entangled states are much more robust to noise than those of maximally entangled states in
Greenberger–Horne–Zeilinger (GHZ) class of states. For a set of partially entangled states in
presence of noise and weak measurements, efficiencies of communication protocols achieve the
optimal value independent of the state and decoherence parameters. We further generalize our
study to address efficiencies of (N + 2)-qubit partially entangled states for the presence of N
controllers in a noisy environment from the perspective of controllers’ authority and average
fidelity. These values are obtained by designing a generalized circuit using single and two-qubit
gates and studying different cases of two sets of partially entangled multiqubit states. Our
analysis identifies a set of partially entangled states for which the average fidelity is independent
of the state parameter and measurements performed by (N − 1) controllers thereby facilitating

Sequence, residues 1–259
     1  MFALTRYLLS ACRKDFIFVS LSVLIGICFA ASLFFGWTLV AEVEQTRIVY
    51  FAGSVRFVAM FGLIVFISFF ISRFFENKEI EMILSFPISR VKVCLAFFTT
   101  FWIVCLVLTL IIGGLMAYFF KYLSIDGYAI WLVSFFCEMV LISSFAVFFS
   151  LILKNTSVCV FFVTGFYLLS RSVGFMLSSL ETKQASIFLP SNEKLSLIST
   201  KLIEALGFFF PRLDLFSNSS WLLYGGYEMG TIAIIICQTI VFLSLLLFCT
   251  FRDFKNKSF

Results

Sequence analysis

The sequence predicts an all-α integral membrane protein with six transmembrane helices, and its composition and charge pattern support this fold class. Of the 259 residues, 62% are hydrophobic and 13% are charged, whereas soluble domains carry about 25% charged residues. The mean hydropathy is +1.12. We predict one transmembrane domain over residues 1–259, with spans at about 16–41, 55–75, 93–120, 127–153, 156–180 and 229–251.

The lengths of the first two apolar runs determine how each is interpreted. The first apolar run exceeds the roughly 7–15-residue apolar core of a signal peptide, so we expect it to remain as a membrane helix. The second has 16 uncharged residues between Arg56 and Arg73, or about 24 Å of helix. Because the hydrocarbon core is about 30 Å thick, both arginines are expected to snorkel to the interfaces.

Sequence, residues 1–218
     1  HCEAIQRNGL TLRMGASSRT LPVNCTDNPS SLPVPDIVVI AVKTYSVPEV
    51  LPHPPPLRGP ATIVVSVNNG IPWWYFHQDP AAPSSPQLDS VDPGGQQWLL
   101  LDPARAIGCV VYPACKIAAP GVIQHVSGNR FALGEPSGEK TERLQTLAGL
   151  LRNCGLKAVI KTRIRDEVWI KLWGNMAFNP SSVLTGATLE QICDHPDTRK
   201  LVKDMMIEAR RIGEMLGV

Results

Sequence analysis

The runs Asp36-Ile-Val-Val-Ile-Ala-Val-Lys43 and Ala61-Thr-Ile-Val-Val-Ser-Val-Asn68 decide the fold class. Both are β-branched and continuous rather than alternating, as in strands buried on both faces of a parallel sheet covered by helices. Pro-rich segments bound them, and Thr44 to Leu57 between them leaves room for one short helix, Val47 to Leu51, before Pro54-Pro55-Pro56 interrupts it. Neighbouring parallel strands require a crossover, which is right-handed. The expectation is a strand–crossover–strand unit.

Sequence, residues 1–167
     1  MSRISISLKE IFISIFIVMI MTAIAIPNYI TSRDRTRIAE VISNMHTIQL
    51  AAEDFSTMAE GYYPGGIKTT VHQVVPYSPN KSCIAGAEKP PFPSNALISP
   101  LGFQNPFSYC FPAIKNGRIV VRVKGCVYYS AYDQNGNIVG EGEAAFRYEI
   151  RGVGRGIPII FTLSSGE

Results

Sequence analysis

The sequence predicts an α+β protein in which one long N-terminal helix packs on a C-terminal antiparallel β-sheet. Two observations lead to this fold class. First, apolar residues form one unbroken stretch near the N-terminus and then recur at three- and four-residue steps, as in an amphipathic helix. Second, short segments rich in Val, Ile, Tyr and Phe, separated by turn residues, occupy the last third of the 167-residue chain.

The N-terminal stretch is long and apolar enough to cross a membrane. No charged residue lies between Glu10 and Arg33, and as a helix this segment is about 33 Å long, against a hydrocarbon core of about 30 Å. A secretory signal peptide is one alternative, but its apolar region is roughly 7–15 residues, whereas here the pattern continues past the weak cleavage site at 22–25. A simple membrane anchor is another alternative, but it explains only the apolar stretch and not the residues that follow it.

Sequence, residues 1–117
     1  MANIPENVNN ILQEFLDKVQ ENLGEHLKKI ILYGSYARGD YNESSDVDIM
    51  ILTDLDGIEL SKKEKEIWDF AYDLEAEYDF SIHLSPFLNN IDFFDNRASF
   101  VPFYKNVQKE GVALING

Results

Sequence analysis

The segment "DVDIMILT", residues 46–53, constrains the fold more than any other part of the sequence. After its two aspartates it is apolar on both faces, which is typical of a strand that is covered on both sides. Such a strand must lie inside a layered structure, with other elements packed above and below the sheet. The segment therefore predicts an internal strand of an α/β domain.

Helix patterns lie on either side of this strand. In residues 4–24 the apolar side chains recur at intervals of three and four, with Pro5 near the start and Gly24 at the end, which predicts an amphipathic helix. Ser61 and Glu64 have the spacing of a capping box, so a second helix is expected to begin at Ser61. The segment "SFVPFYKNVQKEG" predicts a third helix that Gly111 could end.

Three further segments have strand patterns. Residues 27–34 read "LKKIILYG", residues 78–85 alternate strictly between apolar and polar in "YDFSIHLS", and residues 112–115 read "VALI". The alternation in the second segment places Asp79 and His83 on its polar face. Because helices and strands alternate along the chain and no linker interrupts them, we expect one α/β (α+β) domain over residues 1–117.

the experimental set-ups to worry about a smaller number of parameters in the protocol when
dealing with a multiqubit network. Interestingly, even in the presence of noise and weak
measurement operations, we find the efficiency of a set of (N +2)-qubit partially entangled states
to be independent of the measurements performed by (N−1) controllers. The efficiencies of these
states are consistent with the analysis of nonlocal correlations using our modified operators and
quantum discord.states. In fact, our study further demonstrates the presence of nonlocality in mixed and separable
states where even the Bell or Bell-type inequalities fail to capture nonlocal correlations. The results
successfully address issues of bipartite vs tripartite vs multiqubit nonlocality and further identify
all pure multiqubit entangled states for the complete range of state parameters. The discussion
is extended to quantify nonlocality in different classes of four and five qubit entangled pure
states. Furthermore, the analytical results obtained in this Thesis are in complete agreement with
numerical results.
Based on our studies for bipartite and multiqubit systems, we readdress the usefulness
of partially entangled multiqubit states for quantum information and computation. For this,
we revisit the question of analyzing efficiencies of four different sets of partially entangled